TRT World, a Turkish news outlet, reported that all entry and exit points at the airport were closed off after the attack.

All flights at Istanbul's Ataturk international airport have been suspended, according to local Turkish news outlets, although flights have began to land at the airport again on Wednesday morning.

According to Hurriyet, Turkish airlines cancelled 340 flights.

Turkey has been hit by a string of deadly attacks in the past year, blamed on both Kurdish rebels and the IS group.

A bomb ripped through a central Istanbul district on 7 June, killing 11 people, including seven police officers and four civilians. 

Two separate blasts in Ankara claimed by the Kurdistan Freedom Falcons (TAK) - an alleged splinter group of the PKK - earlier this year claimed dozens of lives.

Last month, at least eight people including soldiers were wounded by a remotely detonated car bomb aimed at a military vehicle in Istanbul that was claimed by the PKK.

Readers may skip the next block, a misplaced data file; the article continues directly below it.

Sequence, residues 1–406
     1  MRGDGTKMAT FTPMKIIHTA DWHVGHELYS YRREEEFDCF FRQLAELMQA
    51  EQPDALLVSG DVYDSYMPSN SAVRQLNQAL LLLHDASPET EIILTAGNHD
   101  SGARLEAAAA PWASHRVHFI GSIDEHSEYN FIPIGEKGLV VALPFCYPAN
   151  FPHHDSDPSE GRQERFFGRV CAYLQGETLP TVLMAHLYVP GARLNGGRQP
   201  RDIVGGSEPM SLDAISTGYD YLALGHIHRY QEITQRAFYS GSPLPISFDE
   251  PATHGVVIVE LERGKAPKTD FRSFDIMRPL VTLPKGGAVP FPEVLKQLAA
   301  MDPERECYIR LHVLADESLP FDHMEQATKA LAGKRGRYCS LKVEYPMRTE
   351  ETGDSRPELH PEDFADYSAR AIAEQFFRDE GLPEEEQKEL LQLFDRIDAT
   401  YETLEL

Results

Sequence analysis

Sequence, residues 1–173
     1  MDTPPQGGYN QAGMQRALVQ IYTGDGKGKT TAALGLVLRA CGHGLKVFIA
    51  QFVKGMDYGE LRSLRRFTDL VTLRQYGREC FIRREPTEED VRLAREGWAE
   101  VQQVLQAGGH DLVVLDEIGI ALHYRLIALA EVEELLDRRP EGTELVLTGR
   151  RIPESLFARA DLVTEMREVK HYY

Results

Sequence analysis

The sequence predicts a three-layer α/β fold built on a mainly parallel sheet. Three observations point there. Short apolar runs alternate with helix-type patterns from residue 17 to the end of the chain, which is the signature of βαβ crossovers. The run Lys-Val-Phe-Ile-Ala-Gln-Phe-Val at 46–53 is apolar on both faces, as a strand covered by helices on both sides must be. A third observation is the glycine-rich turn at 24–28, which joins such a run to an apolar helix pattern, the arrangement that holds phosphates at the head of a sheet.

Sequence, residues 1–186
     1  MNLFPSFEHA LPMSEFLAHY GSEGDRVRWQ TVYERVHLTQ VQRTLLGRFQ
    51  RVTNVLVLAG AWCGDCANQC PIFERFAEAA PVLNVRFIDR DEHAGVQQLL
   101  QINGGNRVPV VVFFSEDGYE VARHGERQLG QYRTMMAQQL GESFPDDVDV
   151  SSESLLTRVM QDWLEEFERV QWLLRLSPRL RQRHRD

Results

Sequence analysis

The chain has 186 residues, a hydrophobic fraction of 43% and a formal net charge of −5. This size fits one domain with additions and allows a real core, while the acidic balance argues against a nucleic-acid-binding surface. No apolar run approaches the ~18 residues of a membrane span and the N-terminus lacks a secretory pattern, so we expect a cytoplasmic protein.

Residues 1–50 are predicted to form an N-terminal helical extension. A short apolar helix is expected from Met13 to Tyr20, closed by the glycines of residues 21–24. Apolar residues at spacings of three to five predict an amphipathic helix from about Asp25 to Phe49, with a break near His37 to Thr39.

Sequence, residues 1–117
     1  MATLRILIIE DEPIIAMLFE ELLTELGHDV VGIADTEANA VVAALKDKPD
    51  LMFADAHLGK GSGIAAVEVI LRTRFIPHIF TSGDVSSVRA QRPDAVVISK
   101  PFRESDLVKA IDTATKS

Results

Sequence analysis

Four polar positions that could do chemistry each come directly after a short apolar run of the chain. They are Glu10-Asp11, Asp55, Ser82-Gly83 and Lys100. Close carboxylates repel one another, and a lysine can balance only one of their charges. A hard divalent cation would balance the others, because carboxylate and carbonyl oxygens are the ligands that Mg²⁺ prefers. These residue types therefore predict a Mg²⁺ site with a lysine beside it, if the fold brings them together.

Meanwhile, a dozen German tourists were killed on 12 January in a bombing in the heart of Istanbul's tourist district blamed on IS militants.

At least three Israelis and an Iranian were killed in a 19 March bombing on Istanbul's main Istiklal shopping street, an attack also blamed on IS.

Attacks in Turkey have had a dire effect on the tourism industry and further violence in Istanbul comes at the worst possible time heading into the key summer season.

Some 1.75 million foreigners came to Turkey in April, down more than 28 percent in April 2015, the tourism ministry said in its latest release.

The fall was the steepest monthly decrease for 17 years and raised fresh concerns about the health of the industry heading into the summer. The US embassy in Turkey in April warned of "credible threats" to tourist areas in Istanbul and the resort city of Antalya, in particular to public squares and docks.

Turkey, a member of NATO and the US-led anti-IS coalition, appears to have stepped up its operations against IS in northern Syria, where the militants control areas near the border. Some analysts say this has made Turkey more vulnerable to attacks.

This article is available in French on Middle East Eye French edition.